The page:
This fall, four students who couldn't be more different will all be heading to the same place: Germany. Dartmouth '05s Ariel Stern-Markovitz, Christopher McMullen-Laird, Alexia Huffman and Krista Sande-Kerback have each received either a Fulbright Scholarship or its German equivalent, the Deutscher Akademischer Austauch Dienst (DAAD), which will support them in a year of study in their field at a German university.
Well-known in American academic circles, the Fulbright Scholarship relies on a combination of funding from the U.S. State Department and foreign governments to support American scholars abroad. For Fulbright applicants who intend to study in Germany, there is also the opportunity to apply for a DAAD, which provides the same funding as a Fulbright but is funded exclusively by the German government. Of the four Dartmouth students who will study in Germany next year, Sande-Kerback and Huffman received Fulbrights, McMullen-Laird received a DAAD and Stern-Markovitz was awarded both a Fulbright and a DAAD, although she will be accepting only the DAAD.
Stern-Markovitz, an economics major from Cleveland, Oh., will spend her time in Germany researching public health, financial indicators and the effect of reunification on the former East Germany. She is interested primarily in the effect of macroeconomic shocks and is completing her thesis on macroeconomic shocks to the U.S. economy in the early 1980s. When not focusing on economics, Stern-Markovitz captains the college's figure skating team, the 2005 Intercollegiate Team Champions.
McMullen-Laird has an unconventional story. Growing up, he and his family traveled all over the world, leaving him without an obvious hometown. At Dartmouth, his passion for opera and conducting prompted him to apply to be a Senior Fellow. Instead of taking classes or choosing a major, he conducted (literally) his own project on the last year of Mozart's life, including hiring, conducting and recording performances of Mozart's final works. In Germany, he will expand his work on Mozart at the Franz Liszt Academy in Weimar into a study of Mozart and his contemporary, fellow composer Johann Adolf Hasse.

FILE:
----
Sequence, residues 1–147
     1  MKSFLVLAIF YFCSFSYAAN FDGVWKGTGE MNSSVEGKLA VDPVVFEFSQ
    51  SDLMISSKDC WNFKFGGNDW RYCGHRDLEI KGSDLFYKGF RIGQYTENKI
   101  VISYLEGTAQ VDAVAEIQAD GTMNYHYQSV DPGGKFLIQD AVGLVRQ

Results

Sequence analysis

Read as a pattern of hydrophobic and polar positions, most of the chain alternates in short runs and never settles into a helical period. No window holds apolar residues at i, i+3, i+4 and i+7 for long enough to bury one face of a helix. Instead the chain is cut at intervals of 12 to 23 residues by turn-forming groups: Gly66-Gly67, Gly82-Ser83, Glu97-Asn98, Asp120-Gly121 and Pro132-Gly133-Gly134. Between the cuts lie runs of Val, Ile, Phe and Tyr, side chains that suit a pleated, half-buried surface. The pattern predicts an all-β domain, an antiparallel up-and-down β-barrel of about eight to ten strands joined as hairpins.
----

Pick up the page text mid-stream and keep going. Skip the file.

Huffman, a German Studies major from Santa Cruz, Ca., is interested in German history. Specifically, she will spend her year abroad comparing the American approach to reeducating German World War II POWs to the British approach. The daughter of a German immigrant, Huffman says her family connection first drew her to German history. She plans to enter a Ph.D. program in history at Georgetown University upon her return from Germany.
Sande-Kerback, a geography major from Chatham, N.J., received a teaching Fulbright which means that her time in Hamburg will be split between teaching English to high school students and conducting her own research on Turkish immigration and identity in Germany. Sande-Kerback is also minoring in German and is a self-designed minor in gender and public policies. Following her year in Hamburg, she plans to accept a deferred position with Opera Solutions, a consulting firm in New York.
By GENEVIEVE HAAS
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Last Updated: 12/17/08